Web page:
Animal Science Department

 

Date of this Version

2006

Comments

Published in 2006 Nebraska Swine Report, edited by Duane Reese; published and copyright © 2006 Animal Science Department, University of Nebraska – Lincoln.

Abstract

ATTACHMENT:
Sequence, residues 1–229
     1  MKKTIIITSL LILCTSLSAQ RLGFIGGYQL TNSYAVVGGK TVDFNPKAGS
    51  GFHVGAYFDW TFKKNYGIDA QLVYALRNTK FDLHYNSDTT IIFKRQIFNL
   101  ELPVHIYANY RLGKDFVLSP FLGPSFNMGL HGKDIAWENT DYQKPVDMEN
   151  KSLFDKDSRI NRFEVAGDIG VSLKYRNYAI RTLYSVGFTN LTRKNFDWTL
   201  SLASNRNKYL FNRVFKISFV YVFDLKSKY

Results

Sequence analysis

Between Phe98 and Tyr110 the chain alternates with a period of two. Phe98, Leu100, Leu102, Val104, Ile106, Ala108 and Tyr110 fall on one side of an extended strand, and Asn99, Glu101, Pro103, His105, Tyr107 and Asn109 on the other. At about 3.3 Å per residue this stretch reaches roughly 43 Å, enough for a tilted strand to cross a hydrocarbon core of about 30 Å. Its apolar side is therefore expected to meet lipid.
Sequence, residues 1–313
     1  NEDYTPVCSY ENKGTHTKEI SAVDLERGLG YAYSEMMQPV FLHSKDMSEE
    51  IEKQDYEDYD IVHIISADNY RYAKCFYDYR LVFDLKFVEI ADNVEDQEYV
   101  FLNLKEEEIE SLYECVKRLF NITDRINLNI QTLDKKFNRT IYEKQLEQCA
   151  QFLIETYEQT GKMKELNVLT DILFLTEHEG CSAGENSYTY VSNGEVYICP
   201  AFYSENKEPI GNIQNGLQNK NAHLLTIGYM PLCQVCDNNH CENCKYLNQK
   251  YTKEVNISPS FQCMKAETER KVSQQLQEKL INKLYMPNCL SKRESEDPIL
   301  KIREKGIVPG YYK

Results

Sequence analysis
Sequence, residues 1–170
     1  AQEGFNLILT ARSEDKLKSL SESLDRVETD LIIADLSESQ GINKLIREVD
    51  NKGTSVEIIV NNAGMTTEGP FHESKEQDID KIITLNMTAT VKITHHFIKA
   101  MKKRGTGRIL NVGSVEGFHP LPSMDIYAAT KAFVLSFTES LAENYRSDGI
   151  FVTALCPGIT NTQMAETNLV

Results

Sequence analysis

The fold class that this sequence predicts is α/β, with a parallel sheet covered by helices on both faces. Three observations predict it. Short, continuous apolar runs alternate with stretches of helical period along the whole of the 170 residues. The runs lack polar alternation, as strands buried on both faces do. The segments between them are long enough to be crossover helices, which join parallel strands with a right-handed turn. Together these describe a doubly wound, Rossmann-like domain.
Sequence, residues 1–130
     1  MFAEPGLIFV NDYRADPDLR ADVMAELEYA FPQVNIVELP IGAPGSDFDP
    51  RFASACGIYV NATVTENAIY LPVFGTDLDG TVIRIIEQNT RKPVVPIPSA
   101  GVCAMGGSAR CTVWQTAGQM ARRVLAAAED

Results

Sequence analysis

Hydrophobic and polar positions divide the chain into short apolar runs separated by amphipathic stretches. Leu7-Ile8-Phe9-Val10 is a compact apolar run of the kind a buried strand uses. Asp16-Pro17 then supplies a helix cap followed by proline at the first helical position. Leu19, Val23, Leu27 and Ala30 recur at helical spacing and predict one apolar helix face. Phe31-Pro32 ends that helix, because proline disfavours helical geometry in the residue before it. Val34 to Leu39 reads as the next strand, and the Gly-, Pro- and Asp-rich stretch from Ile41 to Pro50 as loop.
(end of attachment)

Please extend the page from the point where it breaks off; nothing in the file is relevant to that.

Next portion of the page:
Successful freezing, or cryopreservation, of embryos could greatly impact the pork industry, serving as a tool for conservation of valuable germplasm and enhancing biosecurity for transfer of genetic material. Pig embryos are very sensitive to cooling and few reports have shown successful developmental rates following freezing. The objectives of this study were to determine the efficiency of freezing pig embryos using a microdroplet vitrification method and to investigate in vitro development of embryos from Chinese Meishan and occidental white crossbred females following cryopreservation at different stages of embryonic development. Preliminary studies using the microdroplet vitrification method for cryopreservation and embryo transfer into recipient females resulted in the birth of normal, live piglets indicating the effectiveness of this procedure. Rates of expanded blastocyst formation did not differ between Meishan and white crossbred nonfrozen, control embryos (98 and 95%, respectively). Developmental rates were significantly higher for control embryos than vitrified embryos from both Meishan and white crossbred females at the expanded blastocyst stage (P < 0.001), but not at the hatched blastocyst stage. Following collection of embryos from Meishan and white crossbred females, cryopreservation and in vitro culture, the percentage of cryopreserved embryos alive after 24 hours of culture was higher for Meishan (72%) than white crossbred (44%; P < 0.001) embryos. However, development of thawed, cryopreserved embryos that survived 24 hours of culture was not different for Meishan and white crossbred embryos at the expanded (64%) or hatched (22%) blastocyst stages. The optimal stages to vitrify pig embryos using the microdroplet method range from late compact morula to early expanded blastocyst. Our results suggest that Meishan embryos have a higher capacity to survive the freezing process than white crossbred embryos, independent of embryo stage.

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